Swimming at night in the ocean was a new sensation. While I had swum in the English Channel for an hour at night it was a different story swimming at night off the coast of California for nearly five hours!  Breathing to my left it was very cool to see the star filled night and to my right the glow of the the boat, and looking up past the mast to the moon and the stars.  The coolest part was the seeing the bioluminescence in the water as my hands sliced through the water stroke after stroke.  I won’t lie my mind did wander more than a few times thinking about what could possible be down below me. Your mind can take you weird places at night. 

Cindy and I were fairly well paced with each other and I our feeding schedule every 30 minutes seemed to work. The warm feed mix of UCAN and GU’s were easy to take down fairly quickly. Unfortunately, after 3 hours Cindy had to get out of the water. She was just too cold and couldn’t keep it up.  I felt bad for her as it was a hard decision being that far into the swim. So it was just me out there all by myself. That was a bit of weird feeling at first. 

Aside from the finish there were two other strong memories. First, about 2/3rd’s of the way from Anacapa there is oil rig Gina.  From the distance it looks like a brightly lit spaceship. I used it for sighting and something to swim towards. The closer I got it the more brightly lit it appeared and I could hear the motors of the oil rig in action.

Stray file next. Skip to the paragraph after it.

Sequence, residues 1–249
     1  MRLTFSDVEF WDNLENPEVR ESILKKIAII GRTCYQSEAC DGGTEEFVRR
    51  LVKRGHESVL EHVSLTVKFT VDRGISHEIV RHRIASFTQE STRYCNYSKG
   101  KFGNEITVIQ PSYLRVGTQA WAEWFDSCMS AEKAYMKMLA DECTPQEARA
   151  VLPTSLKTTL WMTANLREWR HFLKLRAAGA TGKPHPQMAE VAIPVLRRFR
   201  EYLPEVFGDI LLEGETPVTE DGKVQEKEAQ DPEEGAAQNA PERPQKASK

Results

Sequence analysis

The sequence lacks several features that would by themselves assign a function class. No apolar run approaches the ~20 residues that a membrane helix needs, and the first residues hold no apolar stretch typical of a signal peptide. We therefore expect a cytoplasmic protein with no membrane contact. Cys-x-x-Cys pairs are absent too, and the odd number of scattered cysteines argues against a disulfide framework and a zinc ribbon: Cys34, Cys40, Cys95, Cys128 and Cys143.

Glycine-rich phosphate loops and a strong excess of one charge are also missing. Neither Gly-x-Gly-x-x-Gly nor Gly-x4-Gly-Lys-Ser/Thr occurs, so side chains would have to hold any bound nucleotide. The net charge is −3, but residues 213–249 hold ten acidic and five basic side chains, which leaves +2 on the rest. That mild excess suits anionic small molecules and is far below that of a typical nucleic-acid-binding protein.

The second, thing was the sunrise-thank God! It was a much needed mental break from the dark night and a motivator. It couldn’t get sunny, quick enough. Things are always better in the light of day. Oddly enough the water began to feel a bit cooler then. It wasn’t bad but I certainly noticed it. Later I learned the water temp dropped to 59 degrees. 



The finish was suppose to be at Silver Strand beach where we had trained the day before but there was a high surf advisory with massive waves. They didn’t want the sailboat to get to close to shore but they didn’t want me in a fatigued state to fight the waves swimming to shore let alone try to fight them swimming back out to the boat. It got a bit intense for a bit as they were trying to figure out where to land me. I had no idea what was going on. The crew just told me to swim.  I did what I was told as the current against me got stronger and stronger.  Hollywood Beach was the new destination and with some maneuvering between the jetty and the boat I finally made it to shore. I cleared the water line, raised my arms, the air horn sounded,I did a quick jig on the beach and I got back in the water (ugh) and swam very, very slowly back to the boat. Mission accomplished!!! 


I was pleased with myself and the swim but it took a bit more out of me than expected. Importantly, there were some good lessons learned for future long swims.

Lessons learned:

-Keep your head down and don’t look at land as you get closer

-Warm feeds are good

-Liquid aspirin is better than pills

-Learned how to swim at night

-Swimming at night is more mentally taxing

-Use different water bottles

-Work on my stroke technique

-Have a mental game plan for when things get tough/boring

-Mental game is likely more important than the physical game

-Be prepared for possible changes in the game plan

PS-Note I didn’t use the S*@^# word once in this blog!